The question here is how much effort to keep information confidential is enough to be considered reasonable? Courts evaluate this question on a case-by-case basis, considering the efforts taken and the costs, benefits, and practicalities of the circumstances. See, e.g., id. at 947-48; Rockwell Graphic Sys., 925 F.2d at 179. As we have noted, some disclosure is usually necessary. Typically, what measures are reasonable in a given case is an issue for a jury. Rockwell Graphic Sys., 925 F.2d at 179-80. In some circumstances, however, it may be readily apparent that reasonable measures simply were not taken. Id. at 179.
It is not entirely clear what exactly Tax Track is trying to protect. At times, Tax Track appears to claim the concept of leveraged life insurance is protected, but that cannot be so. The evidence overwhelmingly demonstrates (and Tax Track does not contest) that leveraged life insurance is widely known and has been around for decades. Tax Track also appears to claim that its business relationships were confidential, but it has come forward with nothing to substantiate that. Tax Track also suggests that its specific method of selling leveraged life insurance — by using term policy riders — is confidential. But those policies and their riders are issued by the insurance companies who underwrite them, and the documents are generally required to be on file as a public record with the states where the insurance is sold.
Based on the evidence Tax Track has produced, the only material even conceivably falling within the confidentiality agreement is the GCT memo. According to Tax Track, the GCT memo is referred to in the agreement as "the Leverage Overview memo" and is part of the Licensed Material the parties specifically agreed to keep confidential. Although NIW contests this, we assume (as we must) that Tax Track's assertion is true. Regarding the efforts Tax Track made to protect the GCT memo, both sides claim support from this court's decision in Rockwell Graphic Systems. Rockwell Graphic Systems, a trade secrets case, involved "piece part" drawings, which were detailed drawings of parts for Rockwell machines that indicated materials used, dimensions, tolerances, and methods of manufacture. Id. at 175. Rockwell stamped the drawings "Confidential" and kept them in a vault with limited access. The drawings could be used by Rockwell's 200 engineers, who had to sign them out and replace them after use. All photocopies had to be destroyed. Id. at 177. Rockwell also gave some third-party manufacturers copies of the drawings because it sometimes hired them to build the parts. Everyone who had access to a drawing signed a confidentiality agreement. Id. Noting that disclosure of confidential information is often necessary to profit off the information, id. at 177, we held in Rockwell Graphic Systems that the mere fact the drawings were shared with third-party manufacturers did not necessarily destroy the confidential nature of the documents as a matter of law. Id. at 180. We reversed summary judgment and remanded the case for a jury to decide whether Rockwell's confidentiality efforts were reasonable. Id. at 180.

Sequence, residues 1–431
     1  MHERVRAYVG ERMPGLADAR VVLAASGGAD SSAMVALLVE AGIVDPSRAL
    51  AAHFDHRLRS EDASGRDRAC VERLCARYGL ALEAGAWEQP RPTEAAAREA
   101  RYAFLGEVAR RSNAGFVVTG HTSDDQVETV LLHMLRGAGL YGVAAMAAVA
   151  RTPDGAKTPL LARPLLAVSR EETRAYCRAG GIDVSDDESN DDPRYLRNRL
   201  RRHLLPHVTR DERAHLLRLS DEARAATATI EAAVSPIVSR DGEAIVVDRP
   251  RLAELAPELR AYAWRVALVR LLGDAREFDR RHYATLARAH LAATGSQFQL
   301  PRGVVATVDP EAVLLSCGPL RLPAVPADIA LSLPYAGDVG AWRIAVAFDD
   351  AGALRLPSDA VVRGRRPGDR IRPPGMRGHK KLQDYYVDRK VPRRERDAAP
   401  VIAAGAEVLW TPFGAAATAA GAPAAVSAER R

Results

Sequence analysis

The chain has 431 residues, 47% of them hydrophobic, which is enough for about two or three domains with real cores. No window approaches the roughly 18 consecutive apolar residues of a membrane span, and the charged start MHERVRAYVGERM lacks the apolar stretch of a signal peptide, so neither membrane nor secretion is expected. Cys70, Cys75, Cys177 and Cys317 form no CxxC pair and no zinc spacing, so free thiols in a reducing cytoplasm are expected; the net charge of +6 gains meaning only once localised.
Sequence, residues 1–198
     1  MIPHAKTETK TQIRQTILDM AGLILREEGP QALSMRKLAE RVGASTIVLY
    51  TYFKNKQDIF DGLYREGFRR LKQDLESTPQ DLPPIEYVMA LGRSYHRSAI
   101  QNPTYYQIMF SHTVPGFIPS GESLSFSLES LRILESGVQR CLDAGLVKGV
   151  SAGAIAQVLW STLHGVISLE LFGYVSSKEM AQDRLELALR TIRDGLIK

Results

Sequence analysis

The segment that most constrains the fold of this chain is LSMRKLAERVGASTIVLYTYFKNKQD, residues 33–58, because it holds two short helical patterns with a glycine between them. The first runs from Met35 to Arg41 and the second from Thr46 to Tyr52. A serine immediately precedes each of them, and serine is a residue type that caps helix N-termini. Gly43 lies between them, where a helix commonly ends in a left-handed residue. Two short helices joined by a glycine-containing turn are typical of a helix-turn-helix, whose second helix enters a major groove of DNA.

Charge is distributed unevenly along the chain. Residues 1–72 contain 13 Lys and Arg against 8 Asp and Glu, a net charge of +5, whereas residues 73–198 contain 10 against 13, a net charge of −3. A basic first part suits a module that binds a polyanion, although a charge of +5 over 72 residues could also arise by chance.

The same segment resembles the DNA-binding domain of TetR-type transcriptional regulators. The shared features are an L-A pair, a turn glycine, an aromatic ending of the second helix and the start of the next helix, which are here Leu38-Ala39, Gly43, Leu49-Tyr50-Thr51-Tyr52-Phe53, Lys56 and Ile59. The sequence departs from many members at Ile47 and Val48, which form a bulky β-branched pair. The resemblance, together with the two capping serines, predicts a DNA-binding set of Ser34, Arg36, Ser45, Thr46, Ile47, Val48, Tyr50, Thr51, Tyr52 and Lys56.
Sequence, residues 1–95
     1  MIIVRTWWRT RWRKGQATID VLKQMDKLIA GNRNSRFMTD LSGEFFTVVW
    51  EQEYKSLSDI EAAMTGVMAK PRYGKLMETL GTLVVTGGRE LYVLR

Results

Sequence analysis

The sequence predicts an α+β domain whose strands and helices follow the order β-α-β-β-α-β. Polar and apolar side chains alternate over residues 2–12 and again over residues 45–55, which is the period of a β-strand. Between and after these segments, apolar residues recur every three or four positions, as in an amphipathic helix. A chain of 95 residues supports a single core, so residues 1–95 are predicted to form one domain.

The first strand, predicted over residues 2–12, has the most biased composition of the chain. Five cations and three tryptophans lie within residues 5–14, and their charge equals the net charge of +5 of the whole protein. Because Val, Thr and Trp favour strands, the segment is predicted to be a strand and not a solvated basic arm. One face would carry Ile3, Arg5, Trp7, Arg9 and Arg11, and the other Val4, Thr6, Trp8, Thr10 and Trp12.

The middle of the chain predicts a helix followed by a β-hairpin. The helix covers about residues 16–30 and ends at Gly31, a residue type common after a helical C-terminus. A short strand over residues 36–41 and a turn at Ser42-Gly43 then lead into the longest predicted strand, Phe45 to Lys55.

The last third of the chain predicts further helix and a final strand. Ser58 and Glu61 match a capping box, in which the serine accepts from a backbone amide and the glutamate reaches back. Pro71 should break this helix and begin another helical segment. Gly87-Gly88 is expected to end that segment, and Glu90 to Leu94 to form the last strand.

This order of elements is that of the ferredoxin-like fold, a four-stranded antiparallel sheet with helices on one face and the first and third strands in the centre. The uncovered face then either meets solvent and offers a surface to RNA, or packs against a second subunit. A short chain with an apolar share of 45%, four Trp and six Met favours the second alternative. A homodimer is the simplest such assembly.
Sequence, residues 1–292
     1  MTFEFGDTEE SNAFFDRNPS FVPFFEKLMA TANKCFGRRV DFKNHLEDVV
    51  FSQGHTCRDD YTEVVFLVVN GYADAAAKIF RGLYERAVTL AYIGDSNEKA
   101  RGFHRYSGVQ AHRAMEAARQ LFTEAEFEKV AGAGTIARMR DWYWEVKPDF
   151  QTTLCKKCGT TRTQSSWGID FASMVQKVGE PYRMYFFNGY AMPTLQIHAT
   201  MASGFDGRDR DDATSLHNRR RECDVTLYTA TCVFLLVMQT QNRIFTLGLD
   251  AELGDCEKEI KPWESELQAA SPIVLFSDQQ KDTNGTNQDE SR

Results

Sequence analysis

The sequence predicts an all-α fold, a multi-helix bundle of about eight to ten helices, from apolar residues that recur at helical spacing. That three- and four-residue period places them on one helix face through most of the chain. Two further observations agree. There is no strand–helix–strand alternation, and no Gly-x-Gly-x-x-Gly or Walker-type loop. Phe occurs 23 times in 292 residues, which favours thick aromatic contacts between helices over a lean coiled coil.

Tax Track maintains that it, like Rockwell, took reasonable measures to protect its GCT memo, strategically disclosing it to outsiders only to profit. But Tax Track behaved nothing like Rockwell. Tax Track concedes that Gray distributed the GCT memo to 600-700 people and sought confidentiality agreements from only 190 of them at most, and that Gray cannot identify the people he gave the memo to. The GCT memo was not stamped "Confidential." Tax Track emphasizes that the memo was stored exclusively on Gray's password-protected computer, but that effort was entirely undermined by Gray's widespread nonconfidential disclosure of the memo to hundreds of outsiders. No reasonable jury could find Tax Track took reasonable efforts to keep its GCT memo confidential so as to warrant protection under the restrictive covenant.
B. Attorneys' Fees
The agreement provides that the "substantially prevailing" party "[i]n any suit, proceeding or action to enforce any term, condition or covenant of this Agreement or to procure . . . determination of the rights of any of the Parties" shall be awarded attorneys' fees and costs. The district court determined that although NIW lost its counterclaims, it was the substantially prevailing party. Tax Track disagrees. It sees the case as a tie, both sides having won and lost equally.